Canine Type 2 Adenovirus, a virus related to hepatitis (not contagious to humans); may cause kennel cough

Rabies, a zoonotic (transmitted from animal to animal and from animal to human) disease that is always fatal in dogs

Non-core vaccines are more specific vaccines, more custom ordered depending on the dog and their lifestyle.

The following vaccines may be recommended by your veterinarian based on your region and your dog's environment (risk of exposure):

Bordetella, a bacterium known to cause kennel cough

Canine Influenza, a type of canine flu that emerged around 2005

Canine Parainfluenza, a respiratory virus that is also known to cause kennel cough

Leptospirosis, a serious infectious disease caused by a bacterium sometimes found in the urine of wildlife and rodents in warm, moist climates

Knowing when to vaccinate is another confusing area for pet owners. According to the American Animal Hospital Association there are basic guidelines that most vets follow.


In most, but not all states, there are laws requiring a rabies vaccination. These laws vary across the United States by state and region. Regardless of the laws in your state, the rabies vaccination is considered a necessary, core requirement under AAHA guidelines. Most vets recommend an initial dose for puppies at 16 weeks of age and no earlier than 12 weeks of age. In fact, many states and municipalities require administration for puppies 12-to-16 weeks. Revaccination or a booster, is required within one year of the initial dose. However, many states allow discretion in the choice of a one-year or three-year initial rabies vaccine, in which case the timing of the booster will depend on the original vaccine’s specifications. In addition, some jurisdictions recognize only the three-year vaccine. Regulations vary, but your veterinarian will know the appropriate duration for the rabies booster.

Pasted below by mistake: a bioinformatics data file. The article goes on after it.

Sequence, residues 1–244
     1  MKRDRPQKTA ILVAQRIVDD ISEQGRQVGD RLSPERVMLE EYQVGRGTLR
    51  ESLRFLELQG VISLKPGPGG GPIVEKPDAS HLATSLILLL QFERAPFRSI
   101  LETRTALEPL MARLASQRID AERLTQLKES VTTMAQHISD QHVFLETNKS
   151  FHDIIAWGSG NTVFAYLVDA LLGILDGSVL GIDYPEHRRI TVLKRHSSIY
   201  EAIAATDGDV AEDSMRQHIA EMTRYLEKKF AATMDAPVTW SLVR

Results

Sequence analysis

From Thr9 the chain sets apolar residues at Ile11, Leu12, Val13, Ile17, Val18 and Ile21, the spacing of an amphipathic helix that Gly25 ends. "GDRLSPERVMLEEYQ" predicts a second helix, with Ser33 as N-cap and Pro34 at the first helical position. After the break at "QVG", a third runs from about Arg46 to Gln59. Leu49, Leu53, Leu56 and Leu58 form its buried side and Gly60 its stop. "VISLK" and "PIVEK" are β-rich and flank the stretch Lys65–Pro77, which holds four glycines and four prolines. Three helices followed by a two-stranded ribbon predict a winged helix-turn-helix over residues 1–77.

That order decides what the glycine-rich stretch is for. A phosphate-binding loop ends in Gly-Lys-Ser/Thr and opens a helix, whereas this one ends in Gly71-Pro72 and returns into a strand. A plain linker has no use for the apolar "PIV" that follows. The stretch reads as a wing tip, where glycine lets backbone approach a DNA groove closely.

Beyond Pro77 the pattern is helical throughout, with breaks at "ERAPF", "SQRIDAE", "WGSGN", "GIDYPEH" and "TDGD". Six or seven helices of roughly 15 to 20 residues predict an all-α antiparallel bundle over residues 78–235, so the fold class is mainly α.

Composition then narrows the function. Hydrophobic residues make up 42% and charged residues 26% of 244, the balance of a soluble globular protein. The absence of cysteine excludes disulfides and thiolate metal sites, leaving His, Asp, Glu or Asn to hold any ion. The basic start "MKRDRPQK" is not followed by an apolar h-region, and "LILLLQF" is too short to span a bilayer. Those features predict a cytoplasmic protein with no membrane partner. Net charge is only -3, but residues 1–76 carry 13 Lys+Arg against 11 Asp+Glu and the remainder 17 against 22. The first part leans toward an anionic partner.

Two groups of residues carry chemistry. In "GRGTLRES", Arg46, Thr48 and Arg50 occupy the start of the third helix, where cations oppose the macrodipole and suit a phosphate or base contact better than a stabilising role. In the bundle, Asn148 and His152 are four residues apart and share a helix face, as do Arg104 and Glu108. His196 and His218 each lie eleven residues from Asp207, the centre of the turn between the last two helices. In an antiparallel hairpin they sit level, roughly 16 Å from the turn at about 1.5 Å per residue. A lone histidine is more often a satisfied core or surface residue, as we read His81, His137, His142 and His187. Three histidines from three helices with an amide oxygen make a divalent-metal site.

Distemper, Parvo, Adenovirus, Parainfluenza